Still Searching wrote:Obviously, being attracted to any gender is forbidden in the monk lifestyle because dating & sex is not allowed.
Some transgender people are transgender because they prefer to be the opposite gender, not only because they're attracted to the same or opposite sex.
Some can be Asexual, meaning no attraction to anyone at all and just live a life as someone else because they feel more comfortable in that particular body.
So, are transgender people forbidden from joining a Buddhist Monastery even if they vow to live a pure life and give up everything to be fully committed?
Pandaka is usually translated as eunuch, but eunuchs are only one of five types of pandakas recognized by the Commentary to Mv.I.61:
1) An asitta (literally, a "sprinkled one") -- a man whose sexual desire is allayed by performing fellatio on another man and bringing him to climax. (Some have read this as classing all homosexual males as pandakas, but there are two reasons for not accepting this interpretation:
(a) It seems unlikely that many homosexuals would allay their sexual desire simply by bringing someone else to climax through oral sex;
(b) other homosexual acts, even though they were known in ancient India, are not included under this type or under any of the types in this list.)
2) A voyeur -- a man whose sexual desire is allayed by watching other people commit sexual indiscretions.
3) A eunuch -- one who has been castrated.
4) A half-time pandaka -- one who is a pandaka only during the waning moon. (! -- The Sub-commentary's discussion of this point shows that its author and his contemporaries were as unfamiliar with this type as we are today. Perhaps this was how bisexuals were understood in ancient times.)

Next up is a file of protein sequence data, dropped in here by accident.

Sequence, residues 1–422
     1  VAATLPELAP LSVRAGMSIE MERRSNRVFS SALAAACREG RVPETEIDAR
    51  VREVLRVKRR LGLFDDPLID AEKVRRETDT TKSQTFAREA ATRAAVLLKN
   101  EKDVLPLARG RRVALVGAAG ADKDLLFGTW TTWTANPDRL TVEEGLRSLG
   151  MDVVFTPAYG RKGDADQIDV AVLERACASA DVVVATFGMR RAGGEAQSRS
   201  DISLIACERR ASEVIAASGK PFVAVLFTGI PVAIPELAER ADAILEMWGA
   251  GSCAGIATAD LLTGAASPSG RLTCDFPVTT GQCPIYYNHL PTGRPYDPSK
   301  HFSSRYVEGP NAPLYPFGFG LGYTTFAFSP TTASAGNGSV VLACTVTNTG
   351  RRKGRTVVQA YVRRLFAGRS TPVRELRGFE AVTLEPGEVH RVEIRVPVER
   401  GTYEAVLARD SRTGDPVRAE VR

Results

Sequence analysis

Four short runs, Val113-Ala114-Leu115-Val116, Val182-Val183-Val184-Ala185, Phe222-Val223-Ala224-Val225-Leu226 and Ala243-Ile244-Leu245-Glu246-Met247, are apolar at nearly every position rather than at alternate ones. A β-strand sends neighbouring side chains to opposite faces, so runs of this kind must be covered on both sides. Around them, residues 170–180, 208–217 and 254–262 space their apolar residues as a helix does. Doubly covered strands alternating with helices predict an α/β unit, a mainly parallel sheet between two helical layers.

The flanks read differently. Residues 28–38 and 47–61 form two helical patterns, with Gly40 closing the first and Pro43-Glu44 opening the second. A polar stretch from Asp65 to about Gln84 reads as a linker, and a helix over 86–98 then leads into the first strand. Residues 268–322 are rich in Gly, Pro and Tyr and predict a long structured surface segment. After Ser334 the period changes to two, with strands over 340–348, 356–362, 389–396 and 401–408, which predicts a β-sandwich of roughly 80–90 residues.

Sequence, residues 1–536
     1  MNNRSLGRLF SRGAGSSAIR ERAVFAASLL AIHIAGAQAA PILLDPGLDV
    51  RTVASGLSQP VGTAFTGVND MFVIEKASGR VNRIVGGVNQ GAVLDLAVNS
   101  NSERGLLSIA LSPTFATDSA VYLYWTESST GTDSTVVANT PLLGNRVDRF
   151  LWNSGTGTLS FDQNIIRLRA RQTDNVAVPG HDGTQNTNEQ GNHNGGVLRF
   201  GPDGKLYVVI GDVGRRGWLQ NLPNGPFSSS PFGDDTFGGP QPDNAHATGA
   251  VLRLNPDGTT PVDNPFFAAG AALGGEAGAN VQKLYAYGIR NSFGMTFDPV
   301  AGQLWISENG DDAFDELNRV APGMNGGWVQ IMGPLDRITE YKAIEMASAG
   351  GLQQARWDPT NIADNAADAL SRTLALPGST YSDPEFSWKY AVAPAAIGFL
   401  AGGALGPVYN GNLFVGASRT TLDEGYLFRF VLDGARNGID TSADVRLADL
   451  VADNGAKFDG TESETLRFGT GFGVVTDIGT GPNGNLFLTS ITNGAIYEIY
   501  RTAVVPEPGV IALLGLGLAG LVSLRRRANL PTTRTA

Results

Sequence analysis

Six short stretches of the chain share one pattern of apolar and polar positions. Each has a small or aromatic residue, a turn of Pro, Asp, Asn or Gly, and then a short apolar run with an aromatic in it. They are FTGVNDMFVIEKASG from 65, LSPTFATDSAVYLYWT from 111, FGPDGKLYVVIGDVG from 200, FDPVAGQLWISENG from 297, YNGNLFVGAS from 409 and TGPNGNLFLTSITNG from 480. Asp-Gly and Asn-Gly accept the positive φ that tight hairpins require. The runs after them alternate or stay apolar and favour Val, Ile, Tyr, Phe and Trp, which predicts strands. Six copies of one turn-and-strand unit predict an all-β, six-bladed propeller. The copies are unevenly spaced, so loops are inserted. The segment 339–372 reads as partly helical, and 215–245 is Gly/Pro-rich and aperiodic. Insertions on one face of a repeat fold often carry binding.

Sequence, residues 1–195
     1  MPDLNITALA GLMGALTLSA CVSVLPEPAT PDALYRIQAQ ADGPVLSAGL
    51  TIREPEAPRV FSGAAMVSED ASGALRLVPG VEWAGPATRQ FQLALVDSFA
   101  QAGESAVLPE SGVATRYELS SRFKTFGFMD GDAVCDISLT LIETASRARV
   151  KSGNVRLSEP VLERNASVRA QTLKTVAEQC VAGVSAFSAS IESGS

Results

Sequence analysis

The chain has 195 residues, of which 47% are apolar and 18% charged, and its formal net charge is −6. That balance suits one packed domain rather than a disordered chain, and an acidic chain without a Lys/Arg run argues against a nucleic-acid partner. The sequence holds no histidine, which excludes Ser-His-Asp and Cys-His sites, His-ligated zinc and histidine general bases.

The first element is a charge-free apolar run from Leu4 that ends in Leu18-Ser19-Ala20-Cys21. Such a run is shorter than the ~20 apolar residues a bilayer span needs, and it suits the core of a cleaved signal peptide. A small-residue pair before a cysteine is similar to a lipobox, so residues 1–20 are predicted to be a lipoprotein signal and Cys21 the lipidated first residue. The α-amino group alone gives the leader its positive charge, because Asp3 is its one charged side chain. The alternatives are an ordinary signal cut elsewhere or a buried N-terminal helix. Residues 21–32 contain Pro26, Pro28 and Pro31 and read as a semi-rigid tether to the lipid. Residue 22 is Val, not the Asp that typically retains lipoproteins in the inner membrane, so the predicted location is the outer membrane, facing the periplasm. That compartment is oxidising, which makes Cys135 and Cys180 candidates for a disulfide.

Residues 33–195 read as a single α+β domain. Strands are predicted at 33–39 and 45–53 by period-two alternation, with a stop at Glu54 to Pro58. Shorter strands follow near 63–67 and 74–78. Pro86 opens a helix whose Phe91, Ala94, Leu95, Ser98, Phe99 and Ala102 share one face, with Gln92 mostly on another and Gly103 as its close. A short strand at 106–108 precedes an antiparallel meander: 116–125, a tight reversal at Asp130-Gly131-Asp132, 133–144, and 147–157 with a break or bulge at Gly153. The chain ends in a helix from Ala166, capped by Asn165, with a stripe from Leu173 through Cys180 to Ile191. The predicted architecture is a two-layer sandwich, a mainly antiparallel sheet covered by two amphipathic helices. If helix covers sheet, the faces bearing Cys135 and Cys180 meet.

5) A neuter -- a person born without sexual organs. This passage in the Commentary further states that the last three types cannot take the Going-forth, while the first two can (although it also quotes from the Kurundi that the half-time pandaka is forbidden from going-forth only during the waning moon (!).)
As for the prohibition in Mv.I.61, that pandakas cannot receive full ordination, the Commentary states that that refers only to those who cannot take the Going-forth. However, in the context of this rule, and other rules in the Patimokkha where pandakas enter into the calculation of an offense, the Commentary does not say whether pandaka covers all five types of pandakas or only those not allowed to ordain. In other words, in the context of these rules do "sprinkled ones" and voyeurs count as pandakas or men? In the context of this rule the practical implications of the distinction are minor: If counted as men, they would be grounds for a dukkata; if pandakas, grounds for a thullaccaya.
However, under Pc 6, 44, 45, & 67, the distinction makes the difference between an offense and a non-offense, and so it is an important one to draw. There seems good reason to count them as men under all rules, for if they could ordain and yet were considered pandakas under these rules, the texts would have been obliged to deal with the issue of how bhikkhus were to treat validly ordained pandakas in their midst in the context of these rules. But they don't. This shows that the issue never arose, which means that, for the purposes of all the rules, these two types of individuals count as men.
Thanissaro Bhikkhu. Buddhist Monastic Code 1
In an article in volume 3 of the journal, Paisarn Likhitpreechakul examines the textual evidence for the Buddha’s banning of “pandakas” from receiving ordination. The exact meaning of the term pandaka has always been unclear. It has usually been interpreted as referring to someone of indeterminate gender, which in turn has been used as a justification for refusing monastic ordination to homosexuals, hermaphrodites, eunuchs, and transgender persons, and sometimes for holding wider social stigma against such people as well. But Likhitpreechakul calls attention to an overlooked commentarial tradition that suggests that the term pandaka refers to a man who cannot emit semen: i.e. that the issue is impotence, not gender. This would have clear implications for the LBGTQ communities of traditional Buddhist nations, and perhaps for Buddhists in the West as well.
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